Alex Garvin posits that pedestrian-friendly public space and healthy environments are fundamental to successful downtowns.
Many 20th-century urban experts believed cities, and downtowns in particular, were obsolete. Their prescriptions for preventing them from withering away included redevelopment and reorganization in order to transform (presumably) obsolete downtowns into efficiently operating, modern districts; adding facilities designed to attract new customers whose spending would spill over into the rest of the city; or retrofitting the public realm to accommodate additional motor vehicles that would bring the goods, services, businesses, and people needed for continuing growth. However, each of these strategies was fundamentally flawed, because each one assumed that some particular end state would be the right means for achieving a properly functioning downtown.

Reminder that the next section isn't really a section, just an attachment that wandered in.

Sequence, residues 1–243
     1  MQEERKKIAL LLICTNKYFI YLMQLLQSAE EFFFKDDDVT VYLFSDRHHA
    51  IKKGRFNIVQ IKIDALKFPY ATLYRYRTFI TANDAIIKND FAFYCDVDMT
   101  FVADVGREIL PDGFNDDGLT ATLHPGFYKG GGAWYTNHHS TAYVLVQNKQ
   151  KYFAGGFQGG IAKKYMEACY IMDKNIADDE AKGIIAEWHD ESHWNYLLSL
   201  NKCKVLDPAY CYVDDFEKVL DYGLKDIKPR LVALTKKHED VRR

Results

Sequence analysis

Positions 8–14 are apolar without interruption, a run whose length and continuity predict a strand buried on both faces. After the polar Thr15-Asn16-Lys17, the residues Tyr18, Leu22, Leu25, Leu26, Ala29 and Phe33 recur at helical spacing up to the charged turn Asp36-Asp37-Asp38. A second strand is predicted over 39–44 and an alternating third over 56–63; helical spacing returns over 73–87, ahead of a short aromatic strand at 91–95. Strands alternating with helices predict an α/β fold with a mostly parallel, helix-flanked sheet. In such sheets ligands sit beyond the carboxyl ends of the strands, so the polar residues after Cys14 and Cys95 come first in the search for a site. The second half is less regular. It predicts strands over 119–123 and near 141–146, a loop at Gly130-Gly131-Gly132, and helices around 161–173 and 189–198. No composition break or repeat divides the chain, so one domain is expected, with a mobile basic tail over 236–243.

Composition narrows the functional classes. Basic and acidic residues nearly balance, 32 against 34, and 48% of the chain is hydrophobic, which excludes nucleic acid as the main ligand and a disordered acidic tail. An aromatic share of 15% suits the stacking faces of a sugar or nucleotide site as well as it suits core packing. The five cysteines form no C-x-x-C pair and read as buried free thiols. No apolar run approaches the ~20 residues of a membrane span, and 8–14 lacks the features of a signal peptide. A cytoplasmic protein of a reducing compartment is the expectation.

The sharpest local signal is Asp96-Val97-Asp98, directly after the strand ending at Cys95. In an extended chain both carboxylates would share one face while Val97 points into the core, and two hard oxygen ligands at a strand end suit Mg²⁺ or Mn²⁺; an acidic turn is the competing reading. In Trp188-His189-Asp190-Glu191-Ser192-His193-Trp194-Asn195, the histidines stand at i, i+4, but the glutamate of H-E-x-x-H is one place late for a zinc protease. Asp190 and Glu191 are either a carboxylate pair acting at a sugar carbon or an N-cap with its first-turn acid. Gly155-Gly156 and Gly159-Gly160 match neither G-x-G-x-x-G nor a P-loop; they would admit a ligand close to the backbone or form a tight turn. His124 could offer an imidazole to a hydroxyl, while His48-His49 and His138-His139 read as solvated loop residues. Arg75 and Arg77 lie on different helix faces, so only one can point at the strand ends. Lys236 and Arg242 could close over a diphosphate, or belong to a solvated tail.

A second group of experts, who dealt exclusively with a specific city, saw the future of downtown as a zero-sum game in which they were competing for business and people with other downtowns in the region. Their approach was to subsidize specific players directly, with tax rebates, direct grants, or below-market mortgage loans. However, if that subsidy continues in perpetuity, it cannot be a viable program for improving downtown. Rather, it is a program for purchasing, at taxpayer expense, the downtown presence of one particular set of residents, retailers, businesses, and activities that are deemed worthy of receiving subsidies.
– Alex Garvin